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Re: Fourth Persons

From:Aidan Grey <taalenmaple@...>
Date:Tuesday, September 2, 2008, 17:50
The Obviative isn't limited to HAS or Direct/Inverse systems. It can appear in
almost any language. You also have to be clear exactly what you mean by
Obviative - there are a number of uses/definitions, IIRC. If it's just "other
third persons", it's pretty common in Native American languages, used for
non-focus arguments. For example, in a tale about Coyote, every third person
other than Coyote would be in the 4th. That's one use, anyway.

The "indefinite" combined with the Obviative is pretty common. I don't know what
you mean in #3 and 4, so I can't speak to that.


----- Original Message ----
From: Eldin Raigmore <eldin_raigmore@...>
Sent: Tuesday, September 2, 2008 10:36:28 AM
Subject: Fourth Persons

Several different phenomena in various natlangs have been
called "fourth person" at one time or another by one professional-
linguist author or another.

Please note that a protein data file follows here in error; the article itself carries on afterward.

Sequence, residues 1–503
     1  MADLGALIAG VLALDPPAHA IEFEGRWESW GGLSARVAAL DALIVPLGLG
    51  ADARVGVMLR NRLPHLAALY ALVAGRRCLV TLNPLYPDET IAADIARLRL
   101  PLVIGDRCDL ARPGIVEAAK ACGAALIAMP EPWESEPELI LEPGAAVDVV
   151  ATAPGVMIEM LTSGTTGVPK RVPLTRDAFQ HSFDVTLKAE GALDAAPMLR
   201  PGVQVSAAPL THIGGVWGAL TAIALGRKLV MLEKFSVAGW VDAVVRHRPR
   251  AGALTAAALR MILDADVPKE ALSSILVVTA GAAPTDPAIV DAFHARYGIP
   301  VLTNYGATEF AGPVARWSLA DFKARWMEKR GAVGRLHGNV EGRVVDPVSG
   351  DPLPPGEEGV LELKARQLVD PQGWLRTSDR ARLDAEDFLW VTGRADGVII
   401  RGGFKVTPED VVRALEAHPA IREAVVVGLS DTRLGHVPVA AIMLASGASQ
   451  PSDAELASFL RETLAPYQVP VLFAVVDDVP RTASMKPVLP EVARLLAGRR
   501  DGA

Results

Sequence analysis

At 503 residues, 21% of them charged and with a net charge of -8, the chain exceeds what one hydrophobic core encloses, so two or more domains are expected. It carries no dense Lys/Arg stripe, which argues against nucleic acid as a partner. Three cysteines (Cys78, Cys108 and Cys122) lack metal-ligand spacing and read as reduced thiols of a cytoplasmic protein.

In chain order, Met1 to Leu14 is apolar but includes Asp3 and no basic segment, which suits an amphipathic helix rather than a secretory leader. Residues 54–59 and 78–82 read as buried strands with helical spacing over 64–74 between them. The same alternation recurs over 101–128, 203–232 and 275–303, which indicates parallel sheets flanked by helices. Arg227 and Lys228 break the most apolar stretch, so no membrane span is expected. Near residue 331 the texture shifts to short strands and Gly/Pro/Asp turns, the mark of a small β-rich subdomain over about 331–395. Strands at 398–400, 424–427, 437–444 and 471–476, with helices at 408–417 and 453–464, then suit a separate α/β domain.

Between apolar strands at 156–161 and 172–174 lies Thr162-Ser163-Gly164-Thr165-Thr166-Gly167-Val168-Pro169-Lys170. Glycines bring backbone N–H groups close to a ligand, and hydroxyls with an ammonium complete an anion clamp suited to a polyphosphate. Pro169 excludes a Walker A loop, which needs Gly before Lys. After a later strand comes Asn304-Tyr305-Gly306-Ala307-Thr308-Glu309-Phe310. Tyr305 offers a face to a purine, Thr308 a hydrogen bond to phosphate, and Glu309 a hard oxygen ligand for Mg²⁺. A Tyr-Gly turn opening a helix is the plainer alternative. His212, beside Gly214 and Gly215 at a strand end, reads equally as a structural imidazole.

Here are the ones I can think of at the moment (this list may, or may
not, be complete; does anyone know? If you do, please post the
answer here.)

1. Indefinite pronouns (e.g. "one" in English, "en" in French);
2. Obviatives in languages with Hierarchical Alignment Systems and
Direct/Inverse Voice Systems;
3. Long-Distance Reflexives (or L.D. Anaphora) in languages that have
4. Logophoric Pronouns in languages that have them.

My question is this:
How hard is it to fit more than one of those features into a language?
Does anyone know of a natlang with more than one of them? How many
and which ones?
Does anyone know of a conlang with more than one of them? How many
and which ones?
Has anyone here ever made a 'lang with two of those features? Or
three? Or all four?
Is one of them easier to fit with the others than they are with each
other? Or are there two that are an easier fit to each other than
any other pair?